Porting an SDL game on Android (2/2) | Blog | Superflous Returnz

Porting an SDL game on Android (2/2) | Blog | Superflous Returnz Porting an SDL game on Android (2/2) | Blog | Superflous Returnz
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Superfluous and his assistant Sophie


Porting an SDL game on Android (2/2)


Last time, I discussed the whole technical aspect of “setting up” an Android environment to run our game: configuration, compilation, etc.

Now, we get to the heart of the matter: what does it change, on the code side, to port an SDL2 game on Android?

Debugging an Android app

When you code, you rarely get the result you want on the first try, there are always bugs to find and fix, and porting a game to Android will certainly be no exception! So of course, given that we are already debugging the problem on Linux, we limit the chances of having bugs on Android, but we are never safe from errors specific to one platform or another ...

So, just as it is easy to debug an application on a computer with messages on a console (or, better, a debugger), getting any messages from an Android device requires a little more work.

Fortunately, several tools are at our disposal. First of all, to avoid systematically having to use an external Android device (phone or tablet), we can use the emulator supplied with the SDK:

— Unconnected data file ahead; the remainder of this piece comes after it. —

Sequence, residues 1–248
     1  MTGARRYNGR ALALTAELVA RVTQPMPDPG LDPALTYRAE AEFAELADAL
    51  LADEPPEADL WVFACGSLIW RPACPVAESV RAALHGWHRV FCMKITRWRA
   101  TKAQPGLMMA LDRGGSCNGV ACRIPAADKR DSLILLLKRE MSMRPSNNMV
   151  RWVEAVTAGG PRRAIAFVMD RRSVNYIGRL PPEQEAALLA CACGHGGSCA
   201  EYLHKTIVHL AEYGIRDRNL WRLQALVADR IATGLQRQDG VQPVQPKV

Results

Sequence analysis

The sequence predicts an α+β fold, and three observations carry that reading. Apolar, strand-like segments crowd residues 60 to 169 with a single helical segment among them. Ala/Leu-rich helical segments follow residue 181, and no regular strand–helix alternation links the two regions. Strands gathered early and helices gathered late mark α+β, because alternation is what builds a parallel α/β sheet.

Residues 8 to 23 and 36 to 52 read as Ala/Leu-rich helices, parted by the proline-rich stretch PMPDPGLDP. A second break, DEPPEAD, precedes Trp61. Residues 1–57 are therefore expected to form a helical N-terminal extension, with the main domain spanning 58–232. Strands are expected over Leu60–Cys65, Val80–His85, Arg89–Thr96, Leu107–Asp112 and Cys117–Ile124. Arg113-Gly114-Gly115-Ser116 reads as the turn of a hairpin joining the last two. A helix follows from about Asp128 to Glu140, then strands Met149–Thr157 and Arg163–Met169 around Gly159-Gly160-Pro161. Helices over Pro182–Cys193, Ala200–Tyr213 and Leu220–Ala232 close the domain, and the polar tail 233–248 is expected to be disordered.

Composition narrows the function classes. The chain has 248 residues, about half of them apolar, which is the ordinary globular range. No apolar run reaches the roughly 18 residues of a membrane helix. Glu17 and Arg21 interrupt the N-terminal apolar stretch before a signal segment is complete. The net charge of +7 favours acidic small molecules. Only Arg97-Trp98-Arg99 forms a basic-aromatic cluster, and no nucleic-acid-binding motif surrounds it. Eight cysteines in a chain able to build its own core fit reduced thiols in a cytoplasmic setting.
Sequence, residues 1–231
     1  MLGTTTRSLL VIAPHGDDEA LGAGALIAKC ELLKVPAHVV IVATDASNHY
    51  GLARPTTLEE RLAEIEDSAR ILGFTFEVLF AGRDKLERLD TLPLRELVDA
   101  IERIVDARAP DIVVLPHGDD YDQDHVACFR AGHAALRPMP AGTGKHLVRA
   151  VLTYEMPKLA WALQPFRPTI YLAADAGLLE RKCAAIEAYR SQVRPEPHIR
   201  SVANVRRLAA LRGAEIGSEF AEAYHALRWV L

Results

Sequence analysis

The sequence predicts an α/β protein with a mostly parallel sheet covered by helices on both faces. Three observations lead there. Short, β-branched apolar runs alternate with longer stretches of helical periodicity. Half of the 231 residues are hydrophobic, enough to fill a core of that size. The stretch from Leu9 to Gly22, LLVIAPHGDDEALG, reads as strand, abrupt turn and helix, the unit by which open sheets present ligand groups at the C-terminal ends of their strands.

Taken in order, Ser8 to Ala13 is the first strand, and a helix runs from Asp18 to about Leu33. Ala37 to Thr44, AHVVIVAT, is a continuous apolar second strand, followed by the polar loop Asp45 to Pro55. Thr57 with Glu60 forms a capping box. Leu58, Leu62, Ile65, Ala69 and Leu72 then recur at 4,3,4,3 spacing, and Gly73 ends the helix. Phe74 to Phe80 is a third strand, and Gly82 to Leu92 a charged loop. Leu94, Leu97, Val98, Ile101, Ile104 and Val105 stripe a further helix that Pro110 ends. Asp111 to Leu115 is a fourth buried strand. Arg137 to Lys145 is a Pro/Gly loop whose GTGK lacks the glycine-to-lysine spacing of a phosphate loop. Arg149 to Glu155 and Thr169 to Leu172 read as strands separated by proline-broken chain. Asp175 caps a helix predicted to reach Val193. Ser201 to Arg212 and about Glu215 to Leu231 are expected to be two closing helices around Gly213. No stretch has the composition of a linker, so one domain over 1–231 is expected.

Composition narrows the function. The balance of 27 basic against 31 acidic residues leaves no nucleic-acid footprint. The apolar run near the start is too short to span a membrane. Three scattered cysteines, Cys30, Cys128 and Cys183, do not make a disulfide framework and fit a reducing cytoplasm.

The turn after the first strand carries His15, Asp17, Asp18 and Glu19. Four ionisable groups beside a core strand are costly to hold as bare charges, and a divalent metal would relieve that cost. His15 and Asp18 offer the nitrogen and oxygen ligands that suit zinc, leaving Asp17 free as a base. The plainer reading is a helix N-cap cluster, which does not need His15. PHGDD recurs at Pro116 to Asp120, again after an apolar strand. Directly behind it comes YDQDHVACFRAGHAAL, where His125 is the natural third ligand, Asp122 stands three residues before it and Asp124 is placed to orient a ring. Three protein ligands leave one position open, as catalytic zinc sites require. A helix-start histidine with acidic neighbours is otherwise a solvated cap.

The adb software, also supplied with the SDK, allows you to easily install command line apps, either to the emulator or to a device connected to the computer. So, instead of having to manually transfer the APK to a tablet and then install it, we can simply do:

adb install --user 0 app/build/outputs/apk/debug/app-debug.apk

The --user 0 flag is optional and allows you to install the app only for the first user.

Small bonus: we can even connect directly to a tablet via the local Wi-Fi network, that way we don't even bother with a cable ... Then, we can retrieve the information sent to a sort of “console” by the various programs via adb logcat.

All this is good, but if in your code, you simply call std::cout or std::cerr calls, you will be disappointed: nothing will be displayed by adb logcat. The standard and error outputs are in fact not reflected in the Android log, so you have to go through a specific function, accessible via the #include <android/log.h> header. In order to be able to easily juggle between the usual outputs and the Android output, we can use a dedicated debug() function and change the definition at compilation, via the preprocessor, depending on the target system:

#if defined(SOSAGE_ANDROID)
inline void debug (const std::string& str)
  __android_log_print (ANDROID_LOG_INFO, "Sosage", "%s", str.c_str());
inline void debug (const std::string& str)
  std::cerr << str << std::endl;

Note that we could even define a custom stream operator (to be able to do something like My_stream << " Debug " << std::endl), but I admit that I was a bit lazy ... That said, it is quite possible that I'll do it soon, because it would still be very practical!